We kicked off our panel discussion on the impact the new media have had on the '08 race by giving the 450-strong crowd of guests a quick pop quiz on Michelle Obama's favorite show: The Brady Bunch. True or false: Marsha was a Muslim?
The actual panel started by recognizing that such a panel could not have existed in 2004. For starters, HuffPost didn't exist. Much more significantly, neither did YouTube, which was represented by founder Chad Hurley. YouTube has become such an integral part of our daily life -- and of our political life -- it's hard to remember that Chad Hurley and Steve Chen didn't throw the switch until February 2005.
And there is no way panelist will.i.am's "Yes We Can" remix would've become the mega-hit in 2004 that it became in 2008.
As Charlie Rose summed it up, the theme of the panel was convergence, with Katharine Weymouth (the new publisher of the Washington Post) and George Stephanopoulos agreeing with Chad Hurley, Fred Armisen, Marc Gerson and me that the old debate pitting print vs. online is obsolete.
Rep. Rahm Emanuel, representing elected officials, marveled at the way new media has completely changed the way candidates raise money -- with the money raised online for congressional races increasing exponentially.
And then there was will.i.am's unique way of sizing up the changes in the media landscape, which rocked the house.
He dubbed the way information is passed along in the new media "batonable": someone puts out a piece of content; the person who sees it then picks up the baton and runs with it, then passes the baton on to their friends, who then pass the baton on to their friends. In that way, the information is disseminated in its original, unadulterated form -- as opposed to the traditional media process where those passing it along often do it through their own filters.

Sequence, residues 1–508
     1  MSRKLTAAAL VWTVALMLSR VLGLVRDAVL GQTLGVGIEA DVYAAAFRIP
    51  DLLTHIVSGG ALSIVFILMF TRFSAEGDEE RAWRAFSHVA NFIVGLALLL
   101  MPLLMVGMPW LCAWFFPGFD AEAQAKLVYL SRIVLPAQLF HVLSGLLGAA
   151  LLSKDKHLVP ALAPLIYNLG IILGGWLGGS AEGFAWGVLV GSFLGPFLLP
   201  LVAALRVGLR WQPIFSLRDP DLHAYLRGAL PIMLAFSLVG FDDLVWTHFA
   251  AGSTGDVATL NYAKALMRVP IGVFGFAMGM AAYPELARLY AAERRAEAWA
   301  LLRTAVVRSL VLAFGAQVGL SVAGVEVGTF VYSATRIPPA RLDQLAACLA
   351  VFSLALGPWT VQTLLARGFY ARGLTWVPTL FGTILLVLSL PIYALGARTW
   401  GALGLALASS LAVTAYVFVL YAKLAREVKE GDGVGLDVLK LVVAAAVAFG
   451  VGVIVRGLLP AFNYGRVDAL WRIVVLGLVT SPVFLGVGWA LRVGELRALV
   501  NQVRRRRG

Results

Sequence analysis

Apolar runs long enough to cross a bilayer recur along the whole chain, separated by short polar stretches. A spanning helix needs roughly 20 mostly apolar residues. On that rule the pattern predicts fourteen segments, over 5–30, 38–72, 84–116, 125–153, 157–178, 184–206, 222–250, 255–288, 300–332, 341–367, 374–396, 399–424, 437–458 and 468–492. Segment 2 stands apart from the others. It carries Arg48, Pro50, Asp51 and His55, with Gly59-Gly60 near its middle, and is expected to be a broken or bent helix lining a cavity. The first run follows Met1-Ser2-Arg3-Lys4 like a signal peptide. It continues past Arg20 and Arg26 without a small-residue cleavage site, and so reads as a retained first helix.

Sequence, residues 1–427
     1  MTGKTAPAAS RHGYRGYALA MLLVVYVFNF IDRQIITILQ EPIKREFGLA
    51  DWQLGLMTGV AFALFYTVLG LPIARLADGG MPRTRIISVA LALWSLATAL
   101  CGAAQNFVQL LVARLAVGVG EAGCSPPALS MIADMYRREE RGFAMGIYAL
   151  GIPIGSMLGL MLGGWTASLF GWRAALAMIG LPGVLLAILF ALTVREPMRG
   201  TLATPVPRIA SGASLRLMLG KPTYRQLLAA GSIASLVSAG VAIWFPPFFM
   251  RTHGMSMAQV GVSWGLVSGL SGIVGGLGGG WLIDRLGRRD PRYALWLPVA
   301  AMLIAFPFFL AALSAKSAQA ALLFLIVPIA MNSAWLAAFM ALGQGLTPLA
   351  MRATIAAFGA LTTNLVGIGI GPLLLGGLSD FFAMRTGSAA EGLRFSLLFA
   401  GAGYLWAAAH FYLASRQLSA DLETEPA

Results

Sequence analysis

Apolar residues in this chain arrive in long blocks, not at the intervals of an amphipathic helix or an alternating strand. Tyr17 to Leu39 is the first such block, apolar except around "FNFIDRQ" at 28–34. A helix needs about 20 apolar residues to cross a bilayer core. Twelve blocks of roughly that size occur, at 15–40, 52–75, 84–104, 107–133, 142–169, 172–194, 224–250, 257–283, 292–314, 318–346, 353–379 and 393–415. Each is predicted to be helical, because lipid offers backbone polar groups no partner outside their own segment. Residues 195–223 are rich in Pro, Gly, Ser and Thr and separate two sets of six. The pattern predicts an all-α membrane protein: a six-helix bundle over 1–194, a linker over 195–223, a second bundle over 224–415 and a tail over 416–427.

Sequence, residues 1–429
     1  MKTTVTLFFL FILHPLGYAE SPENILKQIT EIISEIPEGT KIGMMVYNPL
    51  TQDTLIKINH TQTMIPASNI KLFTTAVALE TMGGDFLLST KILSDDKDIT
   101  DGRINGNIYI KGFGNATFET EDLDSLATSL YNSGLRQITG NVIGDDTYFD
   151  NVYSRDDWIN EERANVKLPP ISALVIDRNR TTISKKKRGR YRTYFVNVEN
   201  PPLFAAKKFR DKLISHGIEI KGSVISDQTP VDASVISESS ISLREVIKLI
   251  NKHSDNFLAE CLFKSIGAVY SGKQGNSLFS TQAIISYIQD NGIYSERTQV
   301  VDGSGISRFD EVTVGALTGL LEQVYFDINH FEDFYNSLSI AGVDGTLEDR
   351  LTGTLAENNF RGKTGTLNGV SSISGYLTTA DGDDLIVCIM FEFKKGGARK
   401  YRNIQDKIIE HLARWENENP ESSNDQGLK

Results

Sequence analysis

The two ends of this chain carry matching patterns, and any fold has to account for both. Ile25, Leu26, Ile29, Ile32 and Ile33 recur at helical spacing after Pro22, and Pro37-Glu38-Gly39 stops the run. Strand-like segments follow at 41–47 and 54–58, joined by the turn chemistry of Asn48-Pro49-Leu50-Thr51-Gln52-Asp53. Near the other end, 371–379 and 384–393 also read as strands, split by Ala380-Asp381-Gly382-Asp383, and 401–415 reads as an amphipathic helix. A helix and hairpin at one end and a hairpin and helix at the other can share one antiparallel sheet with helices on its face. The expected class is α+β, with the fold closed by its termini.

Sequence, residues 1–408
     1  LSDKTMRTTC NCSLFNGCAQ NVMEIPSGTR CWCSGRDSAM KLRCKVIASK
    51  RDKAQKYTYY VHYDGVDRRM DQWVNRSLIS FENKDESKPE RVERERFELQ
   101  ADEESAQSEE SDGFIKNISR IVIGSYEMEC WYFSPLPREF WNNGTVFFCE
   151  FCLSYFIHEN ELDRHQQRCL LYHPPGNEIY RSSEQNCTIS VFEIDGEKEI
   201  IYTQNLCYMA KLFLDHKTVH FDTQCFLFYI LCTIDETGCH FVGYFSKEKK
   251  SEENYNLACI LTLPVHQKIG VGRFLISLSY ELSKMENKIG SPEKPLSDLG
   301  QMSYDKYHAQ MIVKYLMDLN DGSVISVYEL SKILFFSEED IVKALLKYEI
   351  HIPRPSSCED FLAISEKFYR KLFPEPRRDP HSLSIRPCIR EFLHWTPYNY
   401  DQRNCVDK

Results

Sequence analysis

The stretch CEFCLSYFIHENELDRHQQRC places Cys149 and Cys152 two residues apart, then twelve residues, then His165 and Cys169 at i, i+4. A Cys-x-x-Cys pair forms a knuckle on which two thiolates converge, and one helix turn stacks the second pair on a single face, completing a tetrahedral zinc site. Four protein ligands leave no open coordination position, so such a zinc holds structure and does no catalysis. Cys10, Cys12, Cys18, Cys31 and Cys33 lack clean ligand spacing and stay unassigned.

He also made the distinction between the way people consume traditional media -- sitting on the couch -- and the way people take in new media as if galloping on a horse... riding along the Internet countryside like online Paul Reveres.
Then there was his prediction that in the future new media would allow people to develop a collective, intuitive consciousness. It will be like a school of fish, he said. You won't hear anything, you'll just see the air bubbles... and a whole group will suddenly decide to turn at the same time.
And when Katherine Weymouth suggested we need to come up with different terms than Old Media and New Media, will had a great suggestion: let's call them the media of yesterday and the media of tomorrow.
Somebody should give this guy a couple hundred million dollars to start a media messaging company. Maybe Chad.
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